That iconic status worked for both Mandy and Christine. They became instant heroes to us adolescents … Mandy very much for her quick wit and utter refusal to let court and cops intimidate her. (She admitted to me she had felt intimidated, but was good at putting on her brave face.) I think Christine was terrified. She had no ready wit in her defences. Interviewed by the charmless plods of Scotland Yard seventeen times and eventually serving a prison term. The system grinds.
The ‘scandal’ became instant mythology. I suspect one of the reasons Christine wrote seven books was that every few years some tabloid hack would come along and say ‘dig up a couple of new facts and we can re-package the whole thing all over again’, and, forever skint, she would agree. The last book, published in the wake of Profumo’s death some ten years ago, had this as title and sub-title :

‘Secrets & Lies : Now Profumo is dead I can finally reveal the truth about the most shocking scandal in British Politics.’

Early on in the book she warns the reader off the 1989 film ‘Scandal’, in which she was played by Joanne Whalley — it wasn’t like that. But if you watch the film she is credited in the ‘thanks to’ and at least one of her books is listed as a source. If Michael Caton-Jones got it wrong she had only herself to blame. Mandy told me she would give the film-makers the rights to her memoir, but would do nothing further to assist in the promotion of the film. As I recall she stuck to that. Christine accepted £5000 to attend the premiere. Mandy had moved on. Christine was never in a position to move on.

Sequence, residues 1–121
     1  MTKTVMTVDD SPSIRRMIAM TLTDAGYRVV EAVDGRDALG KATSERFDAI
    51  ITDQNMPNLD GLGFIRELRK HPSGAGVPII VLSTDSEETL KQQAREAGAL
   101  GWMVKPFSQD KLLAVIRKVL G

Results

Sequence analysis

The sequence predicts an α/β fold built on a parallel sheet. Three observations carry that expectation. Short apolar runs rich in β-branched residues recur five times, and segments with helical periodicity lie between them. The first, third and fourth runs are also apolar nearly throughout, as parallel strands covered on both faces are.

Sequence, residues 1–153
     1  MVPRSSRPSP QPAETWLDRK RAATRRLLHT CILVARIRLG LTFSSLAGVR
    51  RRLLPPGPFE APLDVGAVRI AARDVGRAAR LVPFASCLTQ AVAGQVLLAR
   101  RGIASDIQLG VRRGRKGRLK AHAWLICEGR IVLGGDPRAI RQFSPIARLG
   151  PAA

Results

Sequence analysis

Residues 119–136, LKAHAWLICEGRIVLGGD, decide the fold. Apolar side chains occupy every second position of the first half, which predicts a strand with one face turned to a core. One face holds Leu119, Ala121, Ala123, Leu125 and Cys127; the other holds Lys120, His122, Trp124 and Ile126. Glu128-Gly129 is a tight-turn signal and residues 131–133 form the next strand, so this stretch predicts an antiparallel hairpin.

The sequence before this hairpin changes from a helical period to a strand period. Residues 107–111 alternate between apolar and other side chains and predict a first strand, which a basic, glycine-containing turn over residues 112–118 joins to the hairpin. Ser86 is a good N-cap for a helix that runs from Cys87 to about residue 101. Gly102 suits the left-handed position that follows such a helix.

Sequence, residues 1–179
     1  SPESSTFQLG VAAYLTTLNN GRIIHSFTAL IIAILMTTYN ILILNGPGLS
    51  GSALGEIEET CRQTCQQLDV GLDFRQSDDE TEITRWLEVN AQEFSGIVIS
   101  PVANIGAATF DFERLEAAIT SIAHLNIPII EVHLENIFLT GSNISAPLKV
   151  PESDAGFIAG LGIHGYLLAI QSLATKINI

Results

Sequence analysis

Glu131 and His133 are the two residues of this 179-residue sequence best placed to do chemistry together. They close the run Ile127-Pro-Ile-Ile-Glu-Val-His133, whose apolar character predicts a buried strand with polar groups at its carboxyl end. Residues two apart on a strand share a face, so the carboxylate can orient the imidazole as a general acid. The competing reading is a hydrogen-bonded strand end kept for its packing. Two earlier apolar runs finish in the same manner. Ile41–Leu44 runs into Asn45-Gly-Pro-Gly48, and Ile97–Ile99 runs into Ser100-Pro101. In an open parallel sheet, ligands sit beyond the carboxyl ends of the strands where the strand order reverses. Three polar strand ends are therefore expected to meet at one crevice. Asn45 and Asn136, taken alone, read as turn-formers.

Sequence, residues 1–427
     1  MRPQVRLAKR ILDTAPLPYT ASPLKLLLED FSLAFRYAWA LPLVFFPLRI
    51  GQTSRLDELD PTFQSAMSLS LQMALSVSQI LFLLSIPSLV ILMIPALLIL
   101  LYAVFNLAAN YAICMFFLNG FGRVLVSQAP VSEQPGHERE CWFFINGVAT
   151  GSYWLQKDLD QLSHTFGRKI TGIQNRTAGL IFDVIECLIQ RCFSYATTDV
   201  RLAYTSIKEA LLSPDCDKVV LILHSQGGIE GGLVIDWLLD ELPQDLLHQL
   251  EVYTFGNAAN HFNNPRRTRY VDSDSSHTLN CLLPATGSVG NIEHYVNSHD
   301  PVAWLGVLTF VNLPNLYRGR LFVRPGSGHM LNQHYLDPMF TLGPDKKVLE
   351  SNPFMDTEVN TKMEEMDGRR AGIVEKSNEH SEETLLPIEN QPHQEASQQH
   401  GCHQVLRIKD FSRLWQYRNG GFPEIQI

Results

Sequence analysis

One day in Knightsbridge, Mandy remarked that it had been a trying day.
“I nipped out for lunch at my local restaurant, where the maitre d’ has known me for years. I’d just sat down when he approached me and said ‘I hope this isn’t a problem, but Mr and Mrs Profumo have reserved a table at the same time as you.’ Where’s the back door? I said.”
“I suppose the last thing you’d want is a Sun reporter catching you and Profumo together again?”
“Again? I’ve never met the man!”

John Profumo

I felt like an idiot. What this showed me is that I’d bought the all-pervading myth that had been hashed and rehashed for the best part of thirty years. That the Ward-Profumo affair had been some kind of social circle in which all the players knew one another … an idea which fosters some ill-conceived notion of equality … and that loosely brings me to the point … to the nature of the tragedy: to the victims.
John Profumo, Baron of the Two Sicilies, Oxford graduate, former member of the Bullingdon Club – that cradle of upper class twits – was not a victim. The victims were people who might have thought they were his friends — Christine Keeler and Stephen Ward.
The first book on the Profumo Affair, predictably, was an instant bestseller — 4000 copies sold in the first hour (I should be so lucky). What’s odd is that this was the Denning Report, written by Lord Denning, Britain’s senior judge, Master of the Rolls, in the summer of 1963 at the behest of the Prime Minister, Harold Macmillan, and published by Her Majesty’s Stationery Office.

Lord Denning

When it appeared on September 23rd, Ward had been dead almost two months and Christine had been charged with perjury, for which she received a nine month sentence in December. Profumo had already retired from public life and begun his work for charities.
What charity did he show to Ward and Keeler? I’ll come back to that.
The Denning Report into ‘The Profumo Affair’ has no interview with Profumo. Denning did not call him. A curious omission.